Can LEDs ultimately replace the sun?

Agriculture has a 10,000-year history, and it is mostly a technological history. Crop yields have continually risen thanks to innovations ranging from the plow and wheel to enclosures and the current mechanical marvels of gas-powered tractors and sorters, allowing humankind to grow from tens of millions of people to a worldwide population estimated to surpass 10 billion this century. When it comes to the following steps of that long path of innovation, vertical farming appears to possess all of the necessary characteristics. Food quality may be calibrated using precise controls and data analysis, resulting in increased yields while minimizing raw inputs like water. This is crucial at a time when the world’s environment is rapidly deteriorating.

No technology is too little for Bowery Farming to optimize, and no data is too insignificant to track. The startup’s combined efforts are aimed at orchestrating the future of farming — and creating a competitive moat in the process. To become a valuable firm, it must not only develop distinctive technology but also establish a consumer brand, which we will discuss in the final section of this TC-1.

Can LEDs ultimately replace the sun?

I discussed the history of vertical farming Bowery’s roots and it develops food in parts one and two. In this third section, I will look at Bowery’s fundamental technology infrastructure, examine how one component, LEDs, made vertical farming possible, and calculate how much climate savings Bowery can anticipate to achieve as it scales up.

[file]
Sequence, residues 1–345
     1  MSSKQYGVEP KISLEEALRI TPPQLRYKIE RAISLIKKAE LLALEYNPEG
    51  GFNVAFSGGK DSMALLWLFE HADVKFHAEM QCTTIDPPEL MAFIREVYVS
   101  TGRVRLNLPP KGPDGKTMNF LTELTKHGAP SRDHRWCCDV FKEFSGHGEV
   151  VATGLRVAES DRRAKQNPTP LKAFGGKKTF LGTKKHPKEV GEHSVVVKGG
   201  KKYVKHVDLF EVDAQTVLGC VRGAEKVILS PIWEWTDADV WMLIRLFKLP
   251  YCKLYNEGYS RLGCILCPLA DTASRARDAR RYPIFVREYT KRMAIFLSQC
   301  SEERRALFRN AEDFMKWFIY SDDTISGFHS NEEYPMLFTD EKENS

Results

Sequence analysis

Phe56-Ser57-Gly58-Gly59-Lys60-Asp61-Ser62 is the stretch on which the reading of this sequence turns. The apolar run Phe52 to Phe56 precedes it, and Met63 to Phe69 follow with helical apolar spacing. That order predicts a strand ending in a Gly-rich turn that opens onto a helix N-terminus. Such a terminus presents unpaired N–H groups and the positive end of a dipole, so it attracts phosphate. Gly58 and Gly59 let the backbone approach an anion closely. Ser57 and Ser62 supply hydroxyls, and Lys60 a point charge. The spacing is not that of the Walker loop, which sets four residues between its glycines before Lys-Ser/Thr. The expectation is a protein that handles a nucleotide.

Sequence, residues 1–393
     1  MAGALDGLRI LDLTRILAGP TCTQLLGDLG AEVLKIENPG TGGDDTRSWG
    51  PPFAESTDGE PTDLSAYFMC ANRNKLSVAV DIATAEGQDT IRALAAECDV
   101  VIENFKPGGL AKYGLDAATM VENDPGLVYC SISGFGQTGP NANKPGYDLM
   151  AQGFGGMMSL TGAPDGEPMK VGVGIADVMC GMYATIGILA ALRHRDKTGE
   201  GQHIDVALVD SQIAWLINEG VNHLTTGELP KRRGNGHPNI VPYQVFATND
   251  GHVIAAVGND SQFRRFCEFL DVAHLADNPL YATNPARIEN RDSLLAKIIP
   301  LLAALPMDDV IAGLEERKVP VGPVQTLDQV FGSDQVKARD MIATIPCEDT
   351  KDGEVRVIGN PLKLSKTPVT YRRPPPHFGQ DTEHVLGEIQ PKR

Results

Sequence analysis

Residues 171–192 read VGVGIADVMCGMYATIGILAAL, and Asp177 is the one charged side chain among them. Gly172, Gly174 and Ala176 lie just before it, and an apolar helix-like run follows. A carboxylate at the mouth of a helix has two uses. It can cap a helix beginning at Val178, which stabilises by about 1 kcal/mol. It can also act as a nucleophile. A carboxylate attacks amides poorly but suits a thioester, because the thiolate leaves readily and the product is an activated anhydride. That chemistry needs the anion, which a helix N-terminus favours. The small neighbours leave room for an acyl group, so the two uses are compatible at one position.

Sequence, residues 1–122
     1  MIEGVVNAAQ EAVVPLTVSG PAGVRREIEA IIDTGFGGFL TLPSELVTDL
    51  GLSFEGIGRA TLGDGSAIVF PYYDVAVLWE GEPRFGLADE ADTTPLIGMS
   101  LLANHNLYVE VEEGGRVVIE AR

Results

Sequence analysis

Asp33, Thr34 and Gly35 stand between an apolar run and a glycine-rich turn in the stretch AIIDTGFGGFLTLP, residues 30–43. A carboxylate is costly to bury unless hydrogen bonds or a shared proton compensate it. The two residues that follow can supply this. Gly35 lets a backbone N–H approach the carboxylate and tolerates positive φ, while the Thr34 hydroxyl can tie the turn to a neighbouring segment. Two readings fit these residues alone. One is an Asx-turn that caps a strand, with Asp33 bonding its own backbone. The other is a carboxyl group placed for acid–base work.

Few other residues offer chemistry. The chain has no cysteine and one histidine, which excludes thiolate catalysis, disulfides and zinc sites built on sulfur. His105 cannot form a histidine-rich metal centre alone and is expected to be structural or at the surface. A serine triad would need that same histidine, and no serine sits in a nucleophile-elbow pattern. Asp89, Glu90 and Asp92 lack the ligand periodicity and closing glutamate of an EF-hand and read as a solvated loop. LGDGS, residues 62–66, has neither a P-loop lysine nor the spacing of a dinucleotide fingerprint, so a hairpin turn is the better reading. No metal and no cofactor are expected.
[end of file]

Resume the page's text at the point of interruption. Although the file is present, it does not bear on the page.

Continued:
Without defining BoweryOS, we will not be able to comprehend Bowery. The secret sauce connects the company’s automated systems, sensors, and data collecting into a single nervous system. The business is keeping the details under wraps but says it unlocks the potential to quickly reproduce its growing mechanism at additional farms. “You could be the greatest farmer in the world in Salinas Valley, and I pick you up and bring you to New Jersey and that knowledge doesn’t transfer,” says Irving Fain, founder, and CEO of Bowery Farming. “You put the Bowery operating system inside of that farm, and that farm now has the knowledge and understanding of every crop we’ve ever grown and every process we’ve ever run immediately available to it. In essence, what we’re really doing is building a distributed network of farms, whereby every new farm that enters that network benefits from the collective knowledge of the network that came before it.”